Sustainable commitment: does Corona make us better people?

Dirk Ziems

Sustainable morality on everyone's lips

Sustainability and ecological awareness are in vogue, with youth and young adults in particular driving the issues. Generation Greta and the Fridays for Future movement stand for the longing for a green, healthy world without human and animal suffering. But the target groups over 30 are also coming under moral pressure. And in principle, the conscious and critical attitude of the younger generation is perceived as appropriate.

This development was already taking place before Corona, but now it has accelerated rapidly, as some examples from the media show: Breakfast television shows which vegetables you can grow in your own living room. Bee or insect mortality was one of the top media topics before Corona. Before Corona, society talked about particulate matter and the evil automobile industry and demanded car-free inner cities and the long-awaited electromobility that is increasingly shaping our present. According to a recent study, 40 percent of all Europeans are willing to change their behaviour, and many firmly believe that they can make a difference with personal behavioural changes .

Where does this change of mood come from?

The cultural upheaval

Psychologically, the debate on sustainability and ecology is a form of mediation that emerged after the last years of maximising consumption. Consumption at any price and according to the motto "I - now - everything - at any time" collapsed with Corona at the latest. Because parallel to the "maximisation culture", a "reflection culture" developed in which we searched for new leitmotifs and ultimately for the meaning of our own lives. In this context, Corona is to be understood as an emergency brake that helped us to find a new value orientation.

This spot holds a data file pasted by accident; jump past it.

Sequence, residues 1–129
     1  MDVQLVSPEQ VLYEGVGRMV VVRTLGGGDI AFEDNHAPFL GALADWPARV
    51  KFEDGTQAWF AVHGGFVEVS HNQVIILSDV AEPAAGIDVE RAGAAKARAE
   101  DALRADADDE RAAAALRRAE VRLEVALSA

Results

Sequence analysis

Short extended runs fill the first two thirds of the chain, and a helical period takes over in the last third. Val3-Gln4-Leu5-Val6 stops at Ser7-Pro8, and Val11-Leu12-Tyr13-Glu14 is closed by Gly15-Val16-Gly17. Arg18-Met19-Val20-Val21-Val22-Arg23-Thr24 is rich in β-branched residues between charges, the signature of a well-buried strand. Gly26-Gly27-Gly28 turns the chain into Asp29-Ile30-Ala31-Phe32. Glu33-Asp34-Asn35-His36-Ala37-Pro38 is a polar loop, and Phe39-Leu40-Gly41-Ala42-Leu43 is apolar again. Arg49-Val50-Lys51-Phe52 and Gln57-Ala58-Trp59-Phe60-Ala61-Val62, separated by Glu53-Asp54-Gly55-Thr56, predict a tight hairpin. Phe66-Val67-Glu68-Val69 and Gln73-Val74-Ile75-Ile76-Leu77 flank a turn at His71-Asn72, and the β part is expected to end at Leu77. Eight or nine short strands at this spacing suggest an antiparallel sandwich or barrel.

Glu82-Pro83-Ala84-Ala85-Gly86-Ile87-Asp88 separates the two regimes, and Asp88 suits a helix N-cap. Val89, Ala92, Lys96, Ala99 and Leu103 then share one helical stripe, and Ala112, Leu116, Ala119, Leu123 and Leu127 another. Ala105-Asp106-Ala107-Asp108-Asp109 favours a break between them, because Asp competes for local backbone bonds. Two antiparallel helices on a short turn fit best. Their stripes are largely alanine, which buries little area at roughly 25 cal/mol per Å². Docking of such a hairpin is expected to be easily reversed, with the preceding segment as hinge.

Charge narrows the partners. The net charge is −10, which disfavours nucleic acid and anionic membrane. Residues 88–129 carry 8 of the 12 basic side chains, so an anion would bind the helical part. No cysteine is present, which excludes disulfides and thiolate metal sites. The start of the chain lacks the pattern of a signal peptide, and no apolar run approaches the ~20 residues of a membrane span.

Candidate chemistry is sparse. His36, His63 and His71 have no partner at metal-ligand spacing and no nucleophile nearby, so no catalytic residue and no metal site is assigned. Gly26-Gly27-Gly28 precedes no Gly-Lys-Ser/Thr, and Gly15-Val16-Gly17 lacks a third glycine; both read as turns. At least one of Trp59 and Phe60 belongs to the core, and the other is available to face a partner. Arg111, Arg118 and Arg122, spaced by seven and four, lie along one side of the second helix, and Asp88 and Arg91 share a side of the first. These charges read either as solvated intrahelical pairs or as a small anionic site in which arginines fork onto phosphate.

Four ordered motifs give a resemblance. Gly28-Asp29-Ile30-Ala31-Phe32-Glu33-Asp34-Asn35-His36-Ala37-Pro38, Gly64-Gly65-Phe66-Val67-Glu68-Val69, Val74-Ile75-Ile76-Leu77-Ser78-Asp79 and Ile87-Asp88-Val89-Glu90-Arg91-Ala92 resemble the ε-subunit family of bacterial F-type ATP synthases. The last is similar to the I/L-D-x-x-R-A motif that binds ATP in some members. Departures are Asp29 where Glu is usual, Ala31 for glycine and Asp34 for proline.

What is the mental experience of sustainability and ecological orientation?

The motives turn out to be particularly tense: On the one hand, people want to demonstrate their own ecological convictions and profess their belief in a desirable, green and suffering-free world. On the other hand, the in-depth interviews that concept m conducted with respondents revealed a lack of concretisation. In many cases, the interviewees resorted to generalities, for example that the "oil industry has had its day" or that "politicians need to wake up and see what is happening to the world".

The demand for ecological action on the part of every individual is made, with a finger raised morally. The actual illustrations of how this should be done in everyday life, however, focus on a few ingrained behaviours: Separating waste, avoiding rubbish, reducing orders, cycling more. Buying regional products or second-hand fashion are also often mentioned.

Consistent adherence to ecologically or sustainably sound everyday actions turns out to be an ideal that is repeatedly broken in everyday life - in bad weather, the car is used after all, and sometimes online orders on the living room sofa are fun and relieve boredom.